Sunday, November 27, 2016

TOK IRL #3 - The Black Swan Theory and Other Scientific Concerns

The Black Swan theory was one idea that we briefly discussed in class that really caught my attention. This theory, which was devised by a man named Nassim Nicholas Taleb, comes from a saying that was popular in 16th century London. The saying goes "You would sooner see a black swan than..." and would be followed by something that was highly improbable. This is very similar to the saying heard in America "when pigs fly", which refers to the fact that something will never happen until the impossible happens. However, as the theory points out, the impossible can sometimes become the possible.
Black Swan

This may never be true in the sense that pigs will fly, but the belief that all swans are white has already been disproved. Black swans were discovered in Australia, which shifted many people's ideas of the impossible into the possible.

Some examples of the Black Swan Theory are the invention of the computer, World War 1, and the Attacks on 9/11. These were all events that nobody could have predicted and, when they occurred,
all caused drastic changes throughout the globe. According to this video one of the most important examples of the Black Swan Theory took place was with the discovery of fire. It is highly unlikely that an early human understood the concept of fire, much less how to create it; so we assume that the discovery of fire occurred completely by chance. However, this random chance was crucial in the development of civilizations and societies.

Another aspect of the Black Swan Theory is that each event was always somehow rationalized through the use of hindsight despite the fact that they were all entirely non-rational events. As humans, we find it necessary to come up with reasons for everything, which is why we have science.

This theory does not only concern theories about the colors of birds, it also includes many of the scientific theories that we base our knowledge on today. These ideas we believe in can all be disproved with single pieces of information, causing entire theories to come crumbling down.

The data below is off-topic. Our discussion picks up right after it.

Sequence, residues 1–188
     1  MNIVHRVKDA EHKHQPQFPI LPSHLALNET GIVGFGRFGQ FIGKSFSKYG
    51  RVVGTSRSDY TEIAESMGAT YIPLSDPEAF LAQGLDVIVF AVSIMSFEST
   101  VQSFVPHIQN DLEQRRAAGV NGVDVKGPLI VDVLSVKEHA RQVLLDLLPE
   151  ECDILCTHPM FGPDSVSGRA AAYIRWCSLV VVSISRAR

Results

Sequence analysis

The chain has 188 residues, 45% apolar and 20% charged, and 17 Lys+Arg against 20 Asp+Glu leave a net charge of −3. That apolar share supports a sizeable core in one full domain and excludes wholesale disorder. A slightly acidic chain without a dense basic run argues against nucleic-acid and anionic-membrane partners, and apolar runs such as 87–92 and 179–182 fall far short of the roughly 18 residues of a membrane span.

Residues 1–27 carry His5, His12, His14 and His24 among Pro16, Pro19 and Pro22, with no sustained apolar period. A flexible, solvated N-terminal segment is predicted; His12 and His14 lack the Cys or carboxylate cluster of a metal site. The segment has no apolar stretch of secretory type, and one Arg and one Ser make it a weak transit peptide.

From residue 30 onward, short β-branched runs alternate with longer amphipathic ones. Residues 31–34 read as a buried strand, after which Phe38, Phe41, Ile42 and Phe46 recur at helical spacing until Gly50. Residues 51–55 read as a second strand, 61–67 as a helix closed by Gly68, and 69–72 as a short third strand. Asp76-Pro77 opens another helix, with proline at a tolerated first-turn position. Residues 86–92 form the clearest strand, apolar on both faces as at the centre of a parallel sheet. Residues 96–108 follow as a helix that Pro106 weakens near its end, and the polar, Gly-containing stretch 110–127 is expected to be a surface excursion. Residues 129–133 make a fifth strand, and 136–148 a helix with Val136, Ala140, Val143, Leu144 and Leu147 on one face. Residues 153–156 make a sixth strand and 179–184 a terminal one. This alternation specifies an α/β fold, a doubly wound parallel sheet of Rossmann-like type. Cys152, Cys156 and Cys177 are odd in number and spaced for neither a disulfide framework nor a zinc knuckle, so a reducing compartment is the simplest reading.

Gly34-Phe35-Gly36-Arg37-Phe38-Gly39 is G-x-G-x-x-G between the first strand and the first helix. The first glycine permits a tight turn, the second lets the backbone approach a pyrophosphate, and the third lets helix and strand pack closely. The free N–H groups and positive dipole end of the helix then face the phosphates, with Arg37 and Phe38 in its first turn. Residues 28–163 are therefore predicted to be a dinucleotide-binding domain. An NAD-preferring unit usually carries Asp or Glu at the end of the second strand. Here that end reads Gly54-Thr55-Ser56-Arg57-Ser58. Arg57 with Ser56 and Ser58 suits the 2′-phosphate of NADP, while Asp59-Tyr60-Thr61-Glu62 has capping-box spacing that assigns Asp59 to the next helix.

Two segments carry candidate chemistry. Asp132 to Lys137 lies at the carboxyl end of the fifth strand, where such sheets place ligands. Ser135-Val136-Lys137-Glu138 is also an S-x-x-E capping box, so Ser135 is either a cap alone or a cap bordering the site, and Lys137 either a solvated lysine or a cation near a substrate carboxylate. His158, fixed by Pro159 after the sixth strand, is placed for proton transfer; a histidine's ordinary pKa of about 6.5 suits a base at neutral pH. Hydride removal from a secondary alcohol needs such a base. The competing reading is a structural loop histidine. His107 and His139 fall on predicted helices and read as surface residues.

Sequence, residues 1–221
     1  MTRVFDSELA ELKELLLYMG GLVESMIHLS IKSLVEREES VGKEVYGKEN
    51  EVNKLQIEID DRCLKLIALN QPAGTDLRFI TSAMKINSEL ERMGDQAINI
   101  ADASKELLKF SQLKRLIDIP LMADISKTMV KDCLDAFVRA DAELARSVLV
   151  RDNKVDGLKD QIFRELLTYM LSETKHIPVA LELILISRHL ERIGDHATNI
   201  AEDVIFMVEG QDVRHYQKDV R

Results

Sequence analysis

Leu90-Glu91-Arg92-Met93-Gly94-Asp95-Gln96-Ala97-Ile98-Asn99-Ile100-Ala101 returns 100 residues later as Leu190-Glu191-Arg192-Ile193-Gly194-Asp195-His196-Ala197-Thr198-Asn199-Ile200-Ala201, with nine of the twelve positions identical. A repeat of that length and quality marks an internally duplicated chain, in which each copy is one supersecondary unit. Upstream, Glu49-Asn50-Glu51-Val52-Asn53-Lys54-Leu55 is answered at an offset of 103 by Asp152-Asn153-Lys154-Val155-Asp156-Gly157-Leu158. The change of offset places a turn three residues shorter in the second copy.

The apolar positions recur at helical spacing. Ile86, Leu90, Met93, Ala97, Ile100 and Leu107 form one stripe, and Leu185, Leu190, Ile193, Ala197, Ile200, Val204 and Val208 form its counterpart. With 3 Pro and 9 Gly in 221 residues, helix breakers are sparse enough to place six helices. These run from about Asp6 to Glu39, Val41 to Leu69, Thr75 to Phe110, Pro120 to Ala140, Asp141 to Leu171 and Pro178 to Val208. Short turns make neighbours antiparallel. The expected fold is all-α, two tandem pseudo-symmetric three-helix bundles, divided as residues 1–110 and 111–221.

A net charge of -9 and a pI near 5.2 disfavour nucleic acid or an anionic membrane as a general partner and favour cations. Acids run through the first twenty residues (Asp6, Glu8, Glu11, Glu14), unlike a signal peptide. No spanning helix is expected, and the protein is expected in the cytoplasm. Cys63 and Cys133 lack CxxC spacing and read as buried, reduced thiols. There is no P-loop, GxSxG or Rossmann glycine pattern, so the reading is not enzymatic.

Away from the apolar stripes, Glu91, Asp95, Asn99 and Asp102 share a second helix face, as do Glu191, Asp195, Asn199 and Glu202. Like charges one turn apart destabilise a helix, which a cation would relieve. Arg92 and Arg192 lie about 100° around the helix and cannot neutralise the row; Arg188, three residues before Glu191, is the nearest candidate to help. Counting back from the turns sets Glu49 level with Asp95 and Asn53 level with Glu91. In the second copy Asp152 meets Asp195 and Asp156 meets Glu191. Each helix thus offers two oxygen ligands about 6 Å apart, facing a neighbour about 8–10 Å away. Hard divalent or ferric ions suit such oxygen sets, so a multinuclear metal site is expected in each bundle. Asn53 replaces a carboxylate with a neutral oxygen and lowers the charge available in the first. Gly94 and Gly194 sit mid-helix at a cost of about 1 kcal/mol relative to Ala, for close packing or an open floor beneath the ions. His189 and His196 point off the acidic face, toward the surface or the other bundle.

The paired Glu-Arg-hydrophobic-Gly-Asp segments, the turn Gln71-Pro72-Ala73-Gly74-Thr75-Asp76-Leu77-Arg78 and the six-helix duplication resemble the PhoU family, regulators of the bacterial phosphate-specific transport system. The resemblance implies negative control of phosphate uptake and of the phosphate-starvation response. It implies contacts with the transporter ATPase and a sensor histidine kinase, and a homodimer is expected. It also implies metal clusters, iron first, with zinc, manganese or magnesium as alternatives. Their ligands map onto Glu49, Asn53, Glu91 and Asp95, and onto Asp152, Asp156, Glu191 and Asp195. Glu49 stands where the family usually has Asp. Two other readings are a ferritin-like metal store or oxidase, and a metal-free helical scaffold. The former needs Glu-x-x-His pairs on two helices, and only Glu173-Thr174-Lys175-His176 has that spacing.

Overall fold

Black Swans have been seen in science many times, some examples being the ideas of the theories of relativity and of quantum mechanics against the ideas of classical physics and the discovery of dark matter and dark energy. In both of these instances, something new was discovered that caused the already set ideas to shift. This is an important part of science, but it is also slightly terrifying. To know that all the scientific knowledge we have could be dispelled so easily leads to many more questions. But as they say, good scientists set out to prove themselves wrong.

2 comments:

  1. Another great post. I am glad that you picked up on this reference and ran it down. I love how you are kind of weaving two views of science together here through a single lens. The Black Swan theory is closely related to Thomas Kuhn's theory about progress in Science. He argues that it doesn't happen gradually, but through an alternation between periods of stability and huge shifts (like relativity, or quantum mechanics, or fire). But the black swan example is also, as you suggest in your final sentence, the favorite example used to demonstrate the logic of Popper's falsification. Weird thing though: if we cannot predict black swans, how can we set out to look for them?!

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  2. I love the part where you talk about how the theory plays out in life, "that each event was always somehow rationalized through the use of hindsight despite the fact that they were all entirely non-rational events." I think this irrational event to rational approach is really cool, but it makes me wonder is there a theory that does the inverse? From rational to irrational? I guess there could be an argument for the black swan doing this because it causes shifts of views, and the previous views tend to be seen as irrational. One example that pops in my head: I heard a story on the radio talking about how people have analyzed all the writing from some old society (super old, I have no idea who they were) and the scientists saw in every manuscript signs of schizophrenia. So apparently all the people were suffering from schizophrenia but still had a working society. Totally irrational today, but clearly it had to have been rational thing for them.

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